For the last few years my family has gotten along just fine without cable television and 600 channels of nothing. We had a Wifi connection and all the internet TV we could watch, supplemented by an HD antenna for local channels. When we moved into our new house my wife convinced me we should give it another try. I suppose convinced is a strong word, but it didn't seem like something to squabble over.
The end result is when I sit down to catch my breath at the end of the day, I end up watching some shows I would have never searched out without a mindless stare and a remote control.
I am only human, and grabbing the attention of my demographic is a studied art form, I'm bound to fall victim to a couple guilty pleasures it galls me to admit I've watched. One of them has been "Ink Master." I don't have any tattoos myself, not because I have an aversion to them. More a lack of money and opportunity converging at the same time. The art styles interest me though and I like looking at the ink other's have collected over their lives.
The show's format is simple and similar to other shows like "Top Chef" a group of hopefuls are gathered and put through a series of tests of their ability and time management skills and three to four experienced experts sit in judgement of their work.
Of course the producers make story lines out of the participants backgrounds and interactions with others and stereotypical roles are filled. Someone's the villain, someone's the drama queen, and someone is the cheater. But, whether it's needed or not, the soap opera side of the deal is ubiquitous and expected.
Here's my argument:
I think there's room in the world for a woodworking competition reality show. I know several years ago there was a show of handyman variety, but my memory tells me it was centered around carpentry skills. I would like to see a group of a dozen woodworkers gathered together and put through a furniture building competition.
I understand the issue is the length of time some builds can be. It's pretty obvious a Philadelphia Highboy isn't going to be a basic challenge, but given open shop time, imagine what you could accomplish in three days of pure build time with a day of finishing time. Conceivably you could accomplish three projects in a two week period.
Exhausting, probably in fact most definitely, but the endurance is part of the challenge. And maybe in the end the Highboy can be part of the challenge. Say two weeks to build a Highboy for the final challenge.
The upside? Beyond providing me with some relatable television viewing opportunities.
1. Promotion of the craft to possible clients. If done correctly and done well (two lofty goals I know) the show can promote custom built furniture. It can show people all the things they've been missing as they stroll through the aisles of Ikea and WalMart. It can promote the idea of having heirloom quality furniture, the kind that can be passed down for generations.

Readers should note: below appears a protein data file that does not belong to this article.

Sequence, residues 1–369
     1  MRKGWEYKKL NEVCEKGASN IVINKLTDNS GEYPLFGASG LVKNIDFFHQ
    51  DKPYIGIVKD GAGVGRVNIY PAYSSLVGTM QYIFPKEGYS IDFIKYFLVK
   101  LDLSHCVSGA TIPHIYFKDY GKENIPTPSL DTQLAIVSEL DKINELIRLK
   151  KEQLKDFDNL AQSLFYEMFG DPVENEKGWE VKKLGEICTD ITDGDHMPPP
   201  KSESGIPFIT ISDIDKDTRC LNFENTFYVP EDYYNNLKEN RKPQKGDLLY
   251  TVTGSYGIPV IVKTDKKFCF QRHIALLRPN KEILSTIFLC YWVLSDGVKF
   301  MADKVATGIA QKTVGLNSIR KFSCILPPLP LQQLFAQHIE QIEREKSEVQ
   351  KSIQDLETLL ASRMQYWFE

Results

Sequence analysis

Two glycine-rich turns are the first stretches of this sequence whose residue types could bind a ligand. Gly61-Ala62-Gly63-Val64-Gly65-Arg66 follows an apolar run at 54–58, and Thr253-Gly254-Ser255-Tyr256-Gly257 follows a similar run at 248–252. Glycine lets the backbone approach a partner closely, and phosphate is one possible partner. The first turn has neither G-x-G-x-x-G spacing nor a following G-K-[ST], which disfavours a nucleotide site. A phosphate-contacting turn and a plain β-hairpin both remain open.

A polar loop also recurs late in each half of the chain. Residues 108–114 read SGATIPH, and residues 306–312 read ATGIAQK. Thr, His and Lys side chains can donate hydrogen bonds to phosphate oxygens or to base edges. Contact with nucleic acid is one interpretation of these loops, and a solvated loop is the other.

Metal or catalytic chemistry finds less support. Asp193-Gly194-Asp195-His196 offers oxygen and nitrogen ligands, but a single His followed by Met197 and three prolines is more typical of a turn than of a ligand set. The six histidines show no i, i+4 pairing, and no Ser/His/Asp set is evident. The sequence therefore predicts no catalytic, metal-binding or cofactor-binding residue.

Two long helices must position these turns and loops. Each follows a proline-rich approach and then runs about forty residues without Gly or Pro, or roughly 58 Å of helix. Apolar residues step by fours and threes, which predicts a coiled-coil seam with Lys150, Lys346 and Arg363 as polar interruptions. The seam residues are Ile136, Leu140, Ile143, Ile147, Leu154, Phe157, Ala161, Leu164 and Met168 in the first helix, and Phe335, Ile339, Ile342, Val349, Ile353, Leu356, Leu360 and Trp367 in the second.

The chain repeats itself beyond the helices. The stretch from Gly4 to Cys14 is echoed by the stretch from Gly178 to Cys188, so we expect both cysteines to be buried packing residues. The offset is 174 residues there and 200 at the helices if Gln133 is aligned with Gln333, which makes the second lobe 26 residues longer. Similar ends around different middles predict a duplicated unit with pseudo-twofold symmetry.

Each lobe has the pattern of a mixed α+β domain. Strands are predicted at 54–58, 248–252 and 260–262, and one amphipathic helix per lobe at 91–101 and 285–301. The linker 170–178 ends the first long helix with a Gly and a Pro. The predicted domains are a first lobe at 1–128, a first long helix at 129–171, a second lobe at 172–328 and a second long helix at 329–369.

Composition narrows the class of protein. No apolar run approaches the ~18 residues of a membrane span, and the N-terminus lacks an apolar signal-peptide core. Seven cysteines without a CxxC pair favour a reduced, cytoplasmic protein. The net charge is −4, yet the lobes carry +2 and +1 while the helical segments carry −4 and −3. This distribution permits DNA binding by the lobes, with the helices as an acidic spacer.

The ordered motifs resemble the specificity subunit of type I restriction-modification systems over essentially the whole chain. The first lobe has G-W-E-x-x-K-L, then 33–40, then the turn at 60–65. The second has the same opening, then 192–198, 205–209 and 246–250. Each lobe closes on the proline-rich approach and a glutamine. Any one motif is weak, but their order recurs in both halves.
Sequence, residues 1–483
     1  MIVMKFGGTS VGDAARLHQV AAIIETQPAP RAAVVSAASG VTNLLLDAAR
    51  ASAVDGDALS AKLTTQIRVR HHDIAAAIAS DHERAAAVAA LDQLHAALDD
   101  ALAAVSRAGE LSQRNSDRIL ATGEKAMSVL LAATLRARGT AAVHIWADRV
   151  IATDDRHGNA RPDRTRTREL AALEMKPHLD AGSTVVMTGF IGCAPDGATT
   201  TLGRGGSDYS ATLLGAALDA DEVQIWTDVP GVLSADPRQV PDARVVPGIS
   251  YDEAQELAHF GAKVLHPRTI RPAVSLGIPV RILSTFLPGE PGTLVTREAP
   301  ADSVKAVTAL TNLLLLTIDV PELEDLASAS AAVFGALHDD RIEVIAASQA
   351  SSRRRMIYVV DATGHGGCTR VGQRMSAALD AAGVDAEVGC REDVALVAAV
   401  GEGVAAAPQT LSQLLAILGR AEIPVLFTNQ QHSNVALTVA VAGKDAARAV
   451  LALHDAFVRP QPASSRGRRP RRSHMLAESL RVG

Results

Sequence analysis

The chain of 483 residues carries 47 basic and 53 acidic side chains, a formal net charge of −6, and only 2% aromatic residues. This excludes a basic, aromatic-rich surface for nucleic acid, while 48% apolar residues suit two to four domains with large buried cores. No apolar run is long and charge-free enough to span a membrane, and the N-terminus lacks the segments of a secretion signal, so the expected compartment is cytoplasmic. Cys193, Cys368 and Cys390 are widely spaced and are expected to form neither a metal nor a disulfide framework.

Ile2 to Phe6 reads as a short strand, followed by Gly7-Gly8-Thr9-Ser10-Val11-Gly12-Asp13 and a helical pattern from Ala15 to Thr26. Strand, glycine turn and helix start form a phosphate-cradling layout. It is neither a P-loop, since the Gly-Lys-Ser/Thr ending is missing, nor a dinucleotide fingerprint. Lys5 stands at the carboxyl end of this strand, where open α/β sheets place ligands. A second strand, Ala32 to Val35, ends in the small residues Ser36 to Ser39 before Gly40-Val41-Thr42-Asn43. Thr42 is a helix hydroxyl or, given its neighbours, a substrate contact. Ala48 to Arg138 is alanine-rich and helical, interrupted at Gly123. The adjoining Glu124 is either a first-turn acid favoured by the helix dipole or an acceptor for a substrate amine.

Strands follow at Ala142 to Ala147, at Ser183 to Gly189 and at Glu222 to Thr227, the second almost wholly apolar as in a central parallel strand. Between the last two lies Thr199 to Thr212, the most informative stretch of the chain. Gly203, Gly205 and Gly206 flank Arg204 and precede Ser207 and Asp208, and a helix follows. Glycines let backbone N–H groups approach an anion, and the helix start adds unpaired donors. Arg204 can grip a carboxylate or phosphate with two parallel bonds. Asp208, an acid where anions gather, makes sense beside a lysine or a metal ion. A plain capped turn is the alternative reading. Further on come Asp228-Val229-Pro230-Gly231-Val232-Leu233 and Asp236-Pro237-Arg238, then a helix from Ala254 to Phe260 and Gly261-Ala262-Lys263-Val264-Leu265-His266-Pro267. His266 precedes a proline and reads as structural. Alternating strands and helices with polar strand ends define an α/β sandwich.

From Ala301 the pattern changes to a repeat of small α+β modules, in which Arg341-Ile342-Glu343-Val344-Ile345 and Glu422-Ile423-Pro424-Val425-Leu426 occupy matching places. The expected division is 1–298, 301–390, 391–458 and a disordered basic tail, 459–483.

2. Promotion of the craft to possible participants. There was a time when manual skills was something taught to youth in school, and independence was cherished over consumerism. Both of these ideals can manifest with some time spent in the shop. I've read people's concerns about the craft. the lack of youth and the lack of diversity. This is one way to spread the word, to get new people excited about making shavings or sawdust, and introduce them to the vast diversity there is in making things from trees.
3. General education of the public. I have a difficult time explaining what I do in my spare time to people I work with. The worst question I try and answer is "Oh what kind of woodworking do you do?" like I could just answer "The purple kind" and they'd know what I'm talking about. When they find out I work with mostly hand tools, I might as well try and explain how I just commuted in to work from Venus inside my own personal space bubble. A show like this could at least help spark some relatable conversation.
4. Promotion of the various companies and suppliers. If you look at it from a purely skeptical, capitalistic view point. Think of the dozens of sponsorships from woodworking product manufacturers that could be available for such a show. I had no idea what "Whole Foods" was until I watched "Top Chef" I wonder what Rockler or Woodcraft could do with the same exposure. And the shorter Flash Challenges that start the show are a great showcase for smaller boutique manufacturers like Bad Axe and Blue Spruce.
The downside might be in the drama department. I have trouble picturing a group of woodworkers being anything other than humble or supportive. Then I think about the short amount of time I've spent around some of the online forums, and I think as a group we could probably hold our own in this department.
Who would you nominate for the three celebrity judges? Who would you like to see as guest judges? What project ideas would make good challenges? You'd want to focus on a different "genre" every week, (week three is Windsor week). At the least it's a fun thing to ponder.
In the end, if the chance ever came up, I'd be up to throw down against eleven other woodworkers. At the very least it would be the best of all learning opportunities. Who knows, I might even find that I'm the show's "villain"
Muhahahahaha (evil laugh)
Ratione et Passionis